Middle Blocker 1. The M1 is the middle blocker one spot away from the setter. Usually the M1 will be the better offensive middle attacker because she will have more hitting opportunities than the M2. The M1 should also be a better slide hitter because she will have more opportunities to hit slides.

L:

Libero. The Libero plays replaces the back row Middle Blocker.

In Rotation 1, the setter is in Zone 1, followed by the H1, M2, Opposite, H2, and finally the M1 (the M1 is replaced by the libero).

In Serve-Receive, there are three common formations teams can line up in to prepare to pass and play offense. There are no right or wrong options here. The right thing to do is choose the best formation that allows your players to be most successful, and your team to side-out at the highest possible percentage.

ROTATION 1 – Traditional Serve-Receive Option

Volleyball Rotation 1 Serve-Receive Traditional Option GMS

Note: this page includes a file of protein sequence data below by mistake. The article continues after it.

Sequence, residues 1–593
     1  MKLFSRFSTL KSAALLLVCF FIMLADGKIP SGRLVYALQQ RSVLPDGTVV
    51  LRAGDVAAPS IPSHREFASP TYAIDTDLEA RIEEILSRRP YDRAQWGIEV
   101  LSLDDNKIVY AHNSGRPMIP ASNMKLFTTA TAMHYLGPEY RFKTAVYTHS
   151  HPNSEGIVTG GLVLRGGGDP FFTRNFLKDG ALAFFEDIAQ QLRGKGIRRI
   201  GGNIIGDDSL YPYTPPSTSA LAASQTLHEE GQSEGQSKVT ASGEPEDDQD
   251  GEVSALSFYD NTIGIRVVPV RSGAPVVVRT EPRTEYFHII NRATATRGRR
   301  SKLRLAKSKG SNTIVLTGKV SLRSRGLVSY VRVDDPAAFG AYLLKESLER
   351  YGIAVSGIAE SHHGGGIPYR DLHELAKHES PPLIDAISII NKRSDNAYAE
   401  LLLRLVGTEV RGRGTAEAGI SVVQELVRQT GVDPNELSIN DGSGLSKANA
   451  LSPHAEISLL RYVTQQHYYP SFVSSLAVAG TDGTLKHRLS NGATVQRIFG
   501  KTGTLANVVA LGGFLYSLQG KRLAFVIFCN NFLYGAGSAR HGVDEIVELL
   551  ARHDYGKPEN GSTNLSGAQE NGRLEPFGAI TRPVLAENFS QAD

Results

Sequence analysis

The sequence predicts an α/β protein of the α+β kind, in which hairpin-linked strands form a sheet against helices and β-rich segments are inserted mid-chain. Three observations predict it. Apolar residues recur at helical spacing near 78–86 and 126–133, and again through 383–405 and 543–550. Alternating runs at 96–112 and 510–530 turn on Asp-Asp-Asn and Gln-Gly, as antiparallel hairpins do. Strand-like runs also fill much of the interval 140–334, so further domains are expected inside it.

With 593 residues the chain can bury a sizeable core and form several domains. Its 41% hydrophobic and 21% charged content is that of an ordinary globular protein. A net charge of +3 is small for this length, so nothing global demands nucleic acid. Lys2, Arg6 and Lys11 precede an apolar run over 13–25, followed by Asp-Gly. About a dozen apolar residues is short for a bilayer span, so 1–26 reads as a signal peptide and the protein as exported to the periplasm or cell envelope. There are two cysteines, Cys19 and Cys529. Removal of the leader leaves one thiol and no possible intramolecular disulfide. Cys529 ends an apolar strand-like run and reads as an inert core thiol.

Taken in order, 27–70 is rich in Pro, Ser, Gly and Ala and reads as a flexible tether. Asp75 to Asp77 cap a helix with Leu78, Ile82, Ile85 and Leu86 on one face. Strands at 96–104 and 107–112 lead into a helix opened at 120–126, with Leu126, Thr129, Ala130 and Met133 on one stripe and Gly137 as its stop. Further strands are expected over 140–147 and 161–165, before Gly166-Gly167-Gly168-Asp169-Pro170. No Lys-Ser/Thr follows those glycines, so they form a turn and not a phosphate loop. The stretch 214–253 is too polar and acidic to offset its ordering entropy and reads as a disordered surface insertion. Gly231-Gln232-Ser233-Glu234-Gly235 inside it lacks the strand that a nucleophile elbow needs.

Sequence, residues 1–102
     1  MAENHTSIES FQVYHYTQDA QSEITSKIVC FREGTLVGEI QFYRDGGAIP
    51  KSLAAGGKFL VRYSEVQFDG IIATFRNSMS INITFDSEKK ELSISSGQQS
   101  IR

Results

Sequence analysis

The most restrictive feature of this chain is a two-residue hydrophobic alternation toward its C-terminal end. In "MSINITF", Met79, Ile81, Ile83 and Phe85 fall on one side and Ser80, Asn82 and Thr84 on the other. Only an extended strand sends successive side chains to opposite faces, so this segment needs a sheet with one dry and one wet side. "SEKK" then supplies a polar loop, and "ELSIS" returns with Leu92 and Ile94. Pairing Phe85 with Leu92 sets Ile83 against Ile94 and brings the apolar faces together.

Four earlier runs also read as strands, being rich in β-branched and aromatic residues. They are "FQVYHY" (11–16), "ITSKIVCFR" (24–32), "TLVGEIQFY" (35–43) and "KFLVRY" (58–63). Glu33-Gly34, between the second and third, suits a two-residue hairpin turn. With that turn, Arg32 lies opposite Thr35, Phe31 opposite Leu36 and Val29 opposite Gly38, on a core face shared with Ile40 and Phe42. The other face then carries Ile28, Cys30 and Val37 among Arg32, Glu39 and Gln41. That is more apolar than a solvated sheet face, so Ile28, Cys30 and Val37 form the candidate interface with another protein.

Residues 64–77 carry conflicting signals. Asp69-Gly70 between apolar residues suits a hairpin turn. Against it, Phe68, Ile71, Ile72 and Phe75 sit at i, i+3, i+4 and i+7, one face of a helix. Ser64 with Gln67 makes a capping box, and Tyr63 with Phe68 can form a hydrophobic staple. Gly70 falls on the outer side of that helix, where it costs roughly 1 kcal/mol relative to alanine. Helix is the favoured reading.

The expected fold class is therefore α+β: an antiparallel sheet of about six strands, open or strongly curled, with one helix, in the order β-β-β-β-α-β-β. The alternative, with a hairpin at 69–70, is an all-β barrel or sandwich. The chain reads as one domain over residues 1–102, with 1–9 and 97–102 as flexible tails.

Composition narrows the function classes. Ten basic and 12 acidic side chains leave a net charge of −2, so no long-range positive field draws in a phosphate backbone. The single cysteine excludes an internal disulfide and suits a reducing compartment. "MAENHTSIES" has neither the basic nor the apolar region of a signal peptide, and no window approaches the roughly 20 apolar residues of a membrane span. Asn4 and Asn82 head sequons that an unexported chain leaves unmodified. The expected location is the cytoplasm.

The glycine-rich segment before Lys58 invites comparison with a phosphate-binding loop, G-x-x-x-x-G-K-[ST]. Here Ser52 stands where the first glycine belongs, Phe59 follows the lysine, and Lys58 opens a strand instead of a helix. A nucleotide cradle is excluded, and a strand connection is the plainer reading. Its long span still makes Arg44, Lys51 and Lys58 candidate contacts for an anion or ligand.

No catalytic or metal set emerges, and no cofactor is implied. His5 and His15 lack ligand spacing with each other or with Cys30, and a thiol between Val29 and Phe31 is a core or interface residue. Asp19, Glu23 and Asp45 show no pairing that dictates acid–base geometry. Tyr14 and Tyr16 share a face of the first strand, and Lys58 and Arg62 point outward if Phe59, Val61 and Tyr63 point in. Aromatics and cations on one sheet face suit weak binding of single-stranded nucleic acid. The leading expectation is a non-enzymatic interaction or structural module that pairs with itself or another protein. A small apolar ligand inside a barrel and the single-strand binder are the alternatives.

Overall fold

Player Assignments by Position:

S: Starts in Zone 1 behind the H1

H1: Passes in Zone 1 and hits Reds

M2: Starts in Zone 3/4 and hits Quicks/Gaps

OP: Starts in Zone 4 and hits Gos

H2: Passes in Zone 5

L: Passes in Zone 6

Advantages/Benefits:

  • Many teams have three primary passers — Both outside hitters and the libero. This formation allows for those three players to pass in Serve-Recieve.
  • This allows the Libero to pass in Zone 6. If your libero is your best passer, this is where you want her passing from as often as possible.
  • This is a simple, straightforward offensive alignment. Go, Quick, Red. There mostly won’t be any traffic for your front row players to worry about as they take their offensive approaches.